Untie the Gordian knot

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Untie the Gordian knot



After President Roh Moo-hyun passed away, his supporters felt utterly indebted to him. Nine years have passed since, and they are now celebrating an election victory. At the head of the table are many progressive-minded figures who have long been forgotten since the Roh era.

The winners held their party on a “cloud.” What brought them up there was their high approval rating from the public. When a winner rises to the clouds, serious events on the ground may seem small, and the calculation of risks and costs may not be accurate. It becomes easier to make difficult decisions. With opposition parties pathetic and disorganized, the ruling party is becoming more confident and bold.

Over the past three months, the Moon Jae-in administration and his party have been pushing for revolutionary national plans. They have selected many ideas from minority groups, though their method for pushing these policies can be controversial. Moon’s modus operandi is reminiscent of Alexander the Great and his speedy expedition as he believed he was destined to conquer Asia. Alexander the Great became the king of Macedonia at age 20 after cutting the Gordian knot rather than trying to unravel it. An oracle prophesied that the one who untied the knot would become king of Asia, and Alexander the Great had conviction that he was the one. He pushed for world domination and died at age 33. Friends, such as Ptolemy, advised him to slow down, but Alexander the Great was not convinced.

Leaders with a sense of calling and brazen conviction make historically important decisions immediately after short discussions. As the Moon administration pushes its policy experiments in its first three months, I fear the conviction of the candlelight oracle. President Moon seems determined to push forth his election promises while the spirit of the candlelight protests that brought down his predecessor is still powerful.

During the protests, Koreans expressed fury over Park Geun-hye’s incompetency and corruption. After she was impeached, a snap election was held and Moon was voted into office. However, he did not receive a candlelight oracle to become president, nor was he entrusted by history to break and erase all of the country’s accumulated past. It is not desirable to push for major policies like phasing out nuclear power, making 10,000 won ($8.90) the hourly minimum wage, putting contract workers on a salaried payroll and raising taxes on the super-rich without sufficient public debate or cooperation from the National Assembly.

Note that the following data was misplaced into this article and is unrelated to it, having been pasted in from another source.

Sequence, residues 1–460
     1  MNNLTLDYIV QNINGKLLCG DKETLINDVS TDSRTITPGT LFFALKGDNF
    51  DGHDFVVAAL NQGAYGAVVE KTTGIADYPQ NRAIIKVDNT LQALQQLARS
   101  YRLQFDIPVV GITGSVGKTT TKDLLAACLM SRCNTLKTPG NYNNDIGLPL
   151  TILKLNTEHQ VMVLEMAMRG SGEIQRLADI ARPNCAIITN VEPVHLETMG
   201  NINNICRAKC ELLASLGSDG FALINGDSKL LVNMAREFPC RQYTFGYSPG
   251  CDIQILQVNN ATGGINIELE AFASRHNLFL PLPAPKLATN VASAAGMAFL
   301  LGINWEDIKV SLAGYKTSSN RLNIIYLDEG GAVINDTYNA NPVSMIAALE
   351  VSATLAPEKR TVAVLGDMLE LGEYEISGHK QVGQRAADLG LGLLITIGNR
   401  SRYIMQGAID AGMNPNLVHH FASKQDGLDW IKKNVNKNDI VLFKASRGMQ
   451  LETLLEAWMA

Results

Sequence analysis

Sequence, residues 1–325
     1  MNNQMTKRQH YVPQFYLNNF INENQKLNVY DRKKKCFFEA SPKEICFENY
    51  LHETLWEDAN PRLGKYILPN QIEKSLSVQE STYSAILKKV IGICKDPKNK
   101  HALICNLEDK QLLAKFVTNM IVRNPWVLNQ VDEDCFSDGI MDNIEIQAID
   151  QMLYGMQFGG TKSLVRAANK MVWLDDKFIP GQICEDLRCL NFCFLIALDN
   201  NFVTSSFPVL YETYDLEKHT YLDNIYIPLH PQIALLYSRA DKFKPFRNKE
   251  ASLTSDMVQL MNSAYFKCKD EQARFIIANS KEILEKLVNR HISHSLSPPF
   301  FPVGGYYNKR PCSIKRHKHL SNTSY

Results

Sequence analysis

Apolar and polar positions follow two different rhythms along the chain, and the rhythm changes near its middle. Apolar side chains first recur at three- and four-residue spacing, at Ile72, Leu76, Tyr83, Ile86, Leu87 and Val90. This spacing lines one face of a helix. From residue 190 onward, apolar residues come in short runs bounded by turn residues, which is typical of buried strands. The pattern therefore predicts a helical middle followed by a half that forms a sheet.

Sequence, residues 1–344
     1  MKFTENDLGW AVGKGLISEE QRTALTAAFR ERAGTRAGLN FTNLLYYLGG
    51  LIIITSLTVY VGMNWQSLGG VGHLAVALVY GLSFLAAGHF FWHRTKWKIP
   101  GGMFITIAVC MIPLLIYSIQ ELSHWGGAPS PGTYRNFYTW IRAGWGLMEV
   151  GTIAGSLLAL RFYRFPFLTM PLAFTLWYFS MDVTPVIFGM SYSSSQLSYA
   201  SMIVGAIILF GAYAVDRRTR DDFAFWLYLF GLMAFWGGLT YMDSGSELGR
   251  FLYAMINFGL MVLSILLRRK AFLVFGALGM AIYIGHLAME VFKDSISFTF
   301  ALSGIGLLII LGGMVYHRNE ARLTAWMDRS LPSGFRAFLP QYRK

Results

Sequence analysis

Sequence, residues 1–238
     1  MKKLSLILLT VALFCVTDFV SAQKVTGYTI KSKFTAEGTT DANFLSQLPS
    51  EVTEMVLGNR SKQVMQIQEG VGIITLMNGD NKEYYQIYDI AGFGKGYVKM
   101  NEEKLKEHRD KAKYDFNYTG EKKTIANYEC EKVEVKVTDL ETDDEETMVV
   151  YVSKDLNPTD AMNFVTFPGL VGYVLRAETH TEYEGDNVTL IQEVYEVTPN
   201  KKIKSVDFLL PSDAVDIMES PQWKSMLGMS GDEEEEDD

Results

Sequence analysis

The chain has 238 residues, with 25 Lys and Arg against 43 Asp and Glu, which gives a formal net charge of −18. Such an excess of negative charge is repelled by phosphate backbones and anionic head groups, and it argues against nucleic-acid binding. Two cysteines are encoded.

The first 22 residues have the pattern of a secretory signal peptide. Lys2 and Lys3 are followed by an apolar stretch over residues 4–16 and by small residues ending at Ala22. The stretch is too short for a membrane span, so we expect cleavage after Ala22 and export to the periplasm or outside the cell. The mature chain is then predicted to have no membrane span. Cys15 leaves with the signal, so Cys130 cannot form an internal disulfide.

Creative destruction progresses gradually over time through the creation of new things and removal of the old. Similarly, the knots that President Moon needs to untie reflect accumulated changes in the system, and they should not be cut off without having alternatives in place.

All changes accompany costs. Progressive socialism has a weak sense of costs. Shifting it all to the rich will send it back to the market and to the citizens, market players and the next generation. Most of our past presidents failed because they refused to be limited by the country’s single-term system. They were tempted to realize their ambitions by denying the past. In this merry-go-round of presidents, Korea has not had time to accumulate a legacy, and the country fell into a slump.

President Moon must learn from the failures of his predecessors and open a new period of accumulated policies for the future. His priorities should be revising the constitution, ensuring national security and guiding economic recovery. I hope Moon will prudently approach the country’s major issues and untie the knots.

Translation by the Korea JoongAng Daily staff.

JoongAng Ilbo, Aug. 2, Page 28

*The author, a former commerce, industry and energy minister, is chairman of the North East Asian Research Institute.

Chung Duck-koo
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